24 Aug 2018

$11 million grant for eliminating Hepatitis C

Professor Margaret Hellard is
Deputy Director of the Burnet Institute
The Paul Ramsay Foundation has made an $11.33 million grant to the Eliminate Hepatitis C Australia (EC Australia) project' which aims to eradicate the virus as a health threat in Australia by 2030. The project is being administered through the Burnet Institute, and several researchers adjunct with the two large Monash schools, Central Clinical and Public Health and Preventive Medicine, at the Alfred Health precinct are involved.

Hepatitis C is a silent killer causing liver cancer and cirrhosis if undetected and untreated. Medications that can cure people have been subsidised via the PBS until 2021, but over 170,000 Australians have either not sought treatment, or remain unaware they are infected. Many of them are from vulnerable, high-risk groups that can be difficult to reach, such as prisoners, men who have sex with men, people who have injected drugs and Aboriginal and Torres Strait Islanders. Reaching these people is the driving force behind the project.

EC Australia was launched at Parliament House by Federal Health Minister, the Hon Greg Hunt MP. EC Australia is coordinated by our AMREP partners at Burnet Institute, with Burnet Deputy Director and School Adjunct Professor Margaret Hellard acting as Chief Investigator. Professor Mark Stoove and Dr Alisa Pedrana are also involved, as is Dr Joseph Doyle from Monash’s Central Clinical School.

The project also aims to inform government policy in the space, and increase general awareness about the infection, and testing and treatment options, especially for high risk and vulnerable communities.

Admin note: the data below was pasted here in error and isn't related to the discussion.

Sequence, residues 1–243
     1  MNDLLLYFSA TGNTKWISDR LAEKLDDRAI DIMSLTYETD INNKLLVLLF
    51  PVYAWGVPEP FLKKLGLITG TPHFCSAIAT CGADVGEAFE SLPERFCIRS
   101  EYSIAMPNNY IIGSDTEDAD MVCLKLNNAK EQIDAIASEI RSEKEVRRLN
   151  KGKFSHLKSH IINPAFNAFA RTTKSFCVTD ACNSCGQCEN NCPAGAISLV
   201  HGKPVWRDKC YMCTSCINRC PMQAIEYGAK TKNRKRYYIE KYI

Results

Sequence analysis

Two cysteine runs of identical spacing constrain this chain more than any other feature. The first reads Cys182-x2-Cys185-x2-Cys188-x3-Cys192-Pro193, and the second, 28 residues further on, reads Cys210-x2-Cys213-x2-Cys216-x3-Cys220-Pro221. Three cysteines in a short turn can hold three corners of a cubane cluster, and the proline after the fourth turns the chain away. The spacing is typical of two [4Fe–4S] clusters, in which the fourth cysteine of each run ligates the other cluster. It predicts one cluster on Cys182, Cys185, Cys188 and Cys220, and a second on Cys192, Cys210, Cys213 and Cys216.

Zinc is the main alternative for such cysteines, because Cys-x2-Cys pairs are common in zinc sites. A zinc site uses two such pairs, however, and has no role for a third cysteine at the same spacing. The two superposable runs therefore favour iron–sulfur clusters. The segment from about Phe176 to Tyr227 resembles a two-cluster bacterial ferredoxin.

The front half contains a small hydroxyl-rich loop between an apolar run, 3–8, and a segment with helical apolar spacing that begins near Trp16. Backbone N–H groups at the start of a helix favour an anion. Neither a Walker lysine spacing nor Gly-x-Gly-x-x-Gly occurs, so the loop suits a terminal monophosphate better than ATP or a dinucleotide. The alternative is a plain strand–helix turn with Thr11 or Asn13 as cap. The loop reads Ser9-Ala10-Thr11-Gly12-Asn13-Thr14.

Professor Hellard said “Many people don’t know their status, many are discouraged from seeking treatment because of stigma, and it’s a tragedy that they are missing out on life-saving therapies which are so readily available.”

We now have the opportunity and the tools to eliminate this disease as a public health threat. EC Australia can make sure the tools are applied effectively to improve community health and make Australia a world leader in the elimination of hepatitis C.”

Chief Executive Officer of the Paul Ramsay Foundation, Simon Freeman said “As an organisation, we are committed to supporting programs that address disadvantage amongst the Australian community and sadly hepatitis C is closely linked with disadvantage.”

It can be cured, and with the treatments currently made available by the Federal government, we feel that this is an opportune time for us to step in and support this initiative in the hope that we can break the cycle of hepatitis C - Improving prevention and ensuring treatment access for anyone who needs it.”

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